I have no idea how these things happen to me.
I mean, seriously. Here I am, minding my own business, home for the first time in nearly a year for my grandmother’s funeral, and all of a sudden I’m tasked with saving my grandfather’s house from a conniving, chauvinistic turd of a man. As if that weren’t bad enough, when said turd gets himself dead, it opens up a whole world of problems—for all of us.
My name is Maddie James, and home is Daybreak Island, Massachusetts. It’s a beautiful island, and I’m so blessed to have grown up here. Over the years, more and more people realized how beautiful it was, and now it’s crammed to the gills with tourists all summer long. But there are worse problems to have, especially since the tourists spend a lot of money here. A savvy businessperson can work for four months of the year and make his or her living, if they’re good with money the remainder of the time.
But like a lot of island kids, I thought it was too small for me. I left for college in New York, then headed west. I never thought I’d be back for any length of time. Two weeks max to see to the funeral and spend some time with Grandpa Leo, the love of my life, and make sure he was doing okay before returning to my sunny life in San Francisco, where I owned a juice bar.
The best laid plans, right? Instead, I’m heading into week three with no end in sight, on my way to Bean for coffee and to meet my high-school-boyfriend-turned-cop Craig Tomlin, hoping to pick his brain about why the department was harassing my grandfather—the former police chief!—about Frank O’Malley’s murder.
Sure, my grandfather had every right to want to see Frank gone. As head of the island Chamber of Commerce, Frank considered himself the unofficial head of tourism—and king of everything related. Frank was intent on getting Grandpa’s property to be the site of a transportation center, which meant taking his house and using unsavory tactics to do so. But seriously? My grandpa had spent his life protecting this island and its people, so just the thought of him killing someone was ludicrous. Even though Frank had it coming, I have to say.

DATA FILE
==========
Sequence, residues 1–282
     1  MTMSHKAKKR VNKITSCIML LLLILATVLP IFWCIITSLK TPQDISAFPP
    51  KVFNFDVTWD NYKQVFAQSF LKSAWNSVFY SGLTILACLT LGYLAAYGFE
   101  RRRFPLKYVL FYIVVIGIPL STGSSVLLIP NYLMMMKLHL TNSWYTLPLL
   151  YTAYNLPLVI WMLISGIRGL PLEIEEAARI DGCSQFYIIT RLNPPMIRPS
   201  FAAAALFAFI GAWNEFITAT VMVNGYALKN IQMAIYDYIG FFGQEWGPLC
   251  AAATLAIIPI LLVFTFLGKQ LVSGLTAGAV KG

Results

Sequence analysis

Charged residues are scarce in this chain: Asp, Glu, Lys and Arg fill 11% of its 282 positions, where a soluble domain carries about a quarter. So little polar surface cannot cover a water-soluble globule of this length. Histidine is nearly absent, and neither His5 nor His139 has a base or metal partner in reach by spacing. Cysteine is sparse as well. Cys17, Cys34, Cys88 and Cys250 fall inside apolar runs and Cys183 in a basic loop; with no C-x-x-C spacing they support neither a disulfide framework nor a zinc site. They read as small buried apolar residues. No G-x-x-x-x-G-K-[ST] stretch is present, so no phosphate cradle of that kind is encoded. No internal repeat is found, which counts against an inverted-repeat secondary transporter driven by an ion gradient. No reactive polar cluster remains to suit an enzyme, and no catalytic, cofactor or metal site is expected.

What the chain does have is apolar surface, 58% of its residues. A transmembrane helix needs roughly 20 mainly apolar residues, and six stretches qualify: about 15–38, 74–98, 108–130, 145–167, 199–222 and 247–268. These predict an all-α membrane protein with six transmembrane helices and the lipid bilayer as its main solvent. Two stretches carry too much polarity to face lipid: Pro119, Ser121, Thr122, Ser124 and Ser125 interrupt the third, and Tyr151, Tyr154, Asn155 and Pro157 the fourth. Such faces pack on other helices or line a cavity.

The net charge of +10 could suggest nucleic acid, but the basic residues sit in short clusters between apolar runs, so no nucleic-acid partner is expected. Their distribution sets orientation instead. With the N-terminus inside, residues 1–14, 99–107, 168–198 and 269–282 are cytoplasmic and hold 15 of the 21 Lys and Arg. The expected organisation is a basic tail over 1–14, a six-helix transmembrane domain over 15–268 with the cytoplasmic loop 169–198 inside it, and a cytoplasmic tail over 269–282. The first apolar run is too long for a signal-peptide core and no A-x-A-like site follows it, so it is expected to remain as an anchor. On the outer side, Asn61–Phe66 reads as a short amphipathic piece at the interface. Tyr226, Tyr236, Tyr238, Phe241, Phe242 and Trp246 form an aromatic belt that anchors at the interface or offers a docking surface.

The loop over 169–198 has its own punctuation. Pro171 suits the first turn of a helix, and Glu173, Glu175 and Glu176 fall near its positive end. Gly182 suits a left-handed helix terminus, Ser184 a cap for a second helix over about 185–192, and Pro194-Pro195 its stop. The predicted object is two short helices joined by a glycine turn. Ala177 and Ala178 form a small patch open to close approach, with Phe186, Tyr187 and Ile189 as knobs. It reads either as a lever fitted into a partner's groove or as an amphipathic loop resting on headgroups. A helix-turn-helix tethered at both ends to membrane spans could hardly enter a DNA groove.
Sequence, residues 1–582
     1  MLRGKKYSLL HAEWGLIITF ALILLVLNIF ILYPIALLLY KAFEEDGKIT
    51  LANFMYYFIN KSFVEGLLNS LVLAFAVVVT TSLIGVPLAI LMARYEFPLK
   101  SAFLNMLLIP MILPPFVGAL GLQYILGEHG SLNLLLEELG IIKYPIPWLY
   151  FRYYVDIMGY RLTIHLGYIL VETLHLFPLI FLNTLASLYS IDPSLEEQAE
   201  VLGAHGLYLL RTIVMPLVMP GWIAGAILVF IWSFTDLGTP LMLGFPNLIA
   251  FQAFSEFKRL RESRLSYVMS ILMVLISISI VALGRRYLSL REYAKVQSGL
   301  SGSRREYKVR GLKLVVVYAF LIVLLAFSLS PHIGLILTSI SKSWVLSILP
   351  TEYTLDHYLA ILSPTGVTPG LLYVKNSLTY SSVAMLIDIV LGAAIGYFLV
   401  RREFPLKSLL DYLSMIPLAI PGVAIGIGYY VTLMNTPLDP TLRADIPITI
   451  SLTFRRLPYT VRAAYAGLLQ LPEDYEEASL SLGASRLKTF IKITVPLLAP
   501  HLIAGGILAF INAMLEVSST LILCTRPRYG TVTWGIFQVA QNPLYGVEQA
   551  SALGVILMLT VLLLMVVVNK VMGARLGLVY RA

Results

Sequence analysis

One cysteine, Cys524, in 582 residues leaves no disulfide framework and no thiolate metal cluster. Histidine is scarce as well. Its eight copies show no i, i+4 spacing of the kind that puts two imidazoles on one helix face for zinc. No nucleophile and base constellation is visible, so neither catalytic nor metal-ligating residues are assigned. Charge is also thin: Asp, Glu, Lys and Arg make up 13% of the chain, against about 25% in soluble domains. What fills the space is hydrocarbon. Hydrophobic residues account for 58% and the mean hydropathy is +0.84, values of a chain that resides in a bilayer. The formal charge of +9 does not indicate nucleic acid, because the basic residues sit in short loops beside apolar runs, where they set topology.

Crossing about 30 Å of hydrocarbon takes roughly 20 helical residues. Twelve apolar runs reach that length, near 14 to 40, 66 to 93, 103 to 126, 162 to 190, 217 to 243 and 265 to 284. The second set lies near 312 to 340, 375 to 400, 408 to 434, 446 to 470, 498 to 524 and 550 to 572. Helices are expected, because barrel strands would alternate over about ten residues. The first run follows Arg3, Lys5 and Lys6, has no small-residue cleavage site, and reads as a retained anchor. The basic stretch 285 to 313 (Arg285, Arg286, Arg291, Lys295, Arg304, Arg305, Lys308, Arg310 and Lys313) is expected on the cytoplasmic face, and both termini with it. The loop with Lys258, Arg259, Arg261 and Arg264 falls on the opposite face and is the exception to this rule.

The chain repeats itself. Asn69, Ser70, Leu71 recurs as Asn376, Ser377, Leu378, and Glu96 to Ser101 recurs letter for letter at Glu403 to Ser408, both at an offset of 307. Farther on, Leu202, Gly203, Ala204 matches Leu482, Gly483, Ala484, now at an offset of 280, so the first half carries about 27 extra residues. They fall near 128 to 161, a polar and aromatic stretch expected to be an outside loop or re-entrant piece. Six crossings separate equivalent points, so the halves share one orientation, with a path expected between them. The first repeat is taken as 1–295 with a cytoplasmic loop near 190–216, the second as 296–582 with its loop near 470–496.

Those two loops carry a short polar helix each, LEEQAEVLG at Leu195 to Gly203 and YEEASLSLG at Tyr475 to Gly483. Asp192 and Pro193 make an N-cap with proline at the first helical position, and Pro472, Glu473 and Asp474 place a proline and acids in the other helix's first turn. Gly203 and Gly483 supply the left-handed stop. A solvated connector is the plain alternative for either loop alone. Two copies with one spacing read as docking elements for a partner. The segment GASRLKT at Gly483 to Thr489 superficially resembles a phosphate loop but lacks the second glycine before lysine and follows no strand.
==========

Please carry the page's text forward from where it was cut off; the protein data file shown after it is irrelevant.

My best friend Becky, the editor of the Daybreak Island Chronicle, says the police are just bluffing. But I get the sense she’s worried too, even though she won’t admit it to me. It was all so crazy. Grandpa doesn’t need any of this now. He’s just lost his best friend in the world, and now he has to worry about losing his house and being a murder suspect?
I was happy to have my new friend, JJ the cat, with me to take some of the stress away. He walked so well on his harness, you’d have thought he’d been born wearing one. But really, he’d appeared from behind a tree at my grandmother’s grave last week, and decided to come home with me. I don’t think people around here are used to seeing cats on harnesses; we’re getting some funny looks as we walk through town. But I don’t care. He’s my pal.
I paused outside Bean, my eyes scanning the patrons sitting at tables for Craig. There he was, by himself, intent on something he read on his phone. He hadn’t seen me yet. I used the time to do a quick breathing exercise my guru, Cass, had taught me years ago, hoping to approach this conversation calmly.
Then I heard someone say my name.
I opened my eyes to find Lucas, the hot dog groomer and new boy in town, smiling at me. All thoughts of calm flew out of my head.
“Hey,” I said, glancing nervously inside at Craig again. He still hadn’t noticed me.
“It’s good to see you again. Want to grab a cup of coffee?” Lucas asked.
At that moment I wished fervently for the whole Frank mess to vanish so I could say yes and sit down with this hot guy and have a conversation about nothing important. But the timing was terrible.
“I wish I could,” I said. “Really. But I’m meeting someone here.”
Craig noticed me just then. I could feel his eyes boring into us through the glass and shifted uncomfortably. Lucas noticed too, and the smile dimmed a bit.
“Oh. Sure. No problem,” he said. “I’ll see you around.” He started to walk away.
He turned. “Yeah?”
I smiled weakly. “Another time?”
He nodded. “Sure.”
I watched him go, cursing the universe for not being on my side, then went in to deal with Craig.
You can read more about Maddie in Cat About Town, the first book in the NEW “Cat Café” mystery series.
The first novel in a frisky new mystery series set in a small New England town, where an unlikely citizen is called in to solve the purrfect crime. . .
Maddie James has arrived in Daybreak Island, just off the coast of Massachusetts, eager to settle down and start her own business―and maybe even fall in love. When a stray orange tabby pounces into her life, she’s inspired to open a cat café. But little does Maddie know that she’s in for something a lot more catastrophic when her new furry companion finds the dead body of the town bully. Now all eyes are on Maddie: Who is this crazy cat-whisperer lady who’s come to town? If pet-hair-maintenance and crime-fighting weren’t keeping her busy enough, Maddie now has not one but two eligible bachelors who think she’s the cat’s pajamas . . . and will do anything to win her heart. But how can she even think about happily-ever-after while a killer remains on the loose―and on her path?
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About the author
Liz Mugavero writes the Pawsitively Organic Mysteries, the first of which was an Agatha Award nominee for Best First Novel. The sixth book in the series, Purring Around the Christmas Tree, is out in October of this year. As Cate Conte, Liz also writes the Cat Cafe Mysteries, the first of which, Cat About Town, was released August 1. She lives in Connecticut with her rescue pals.
All comments are welcomed.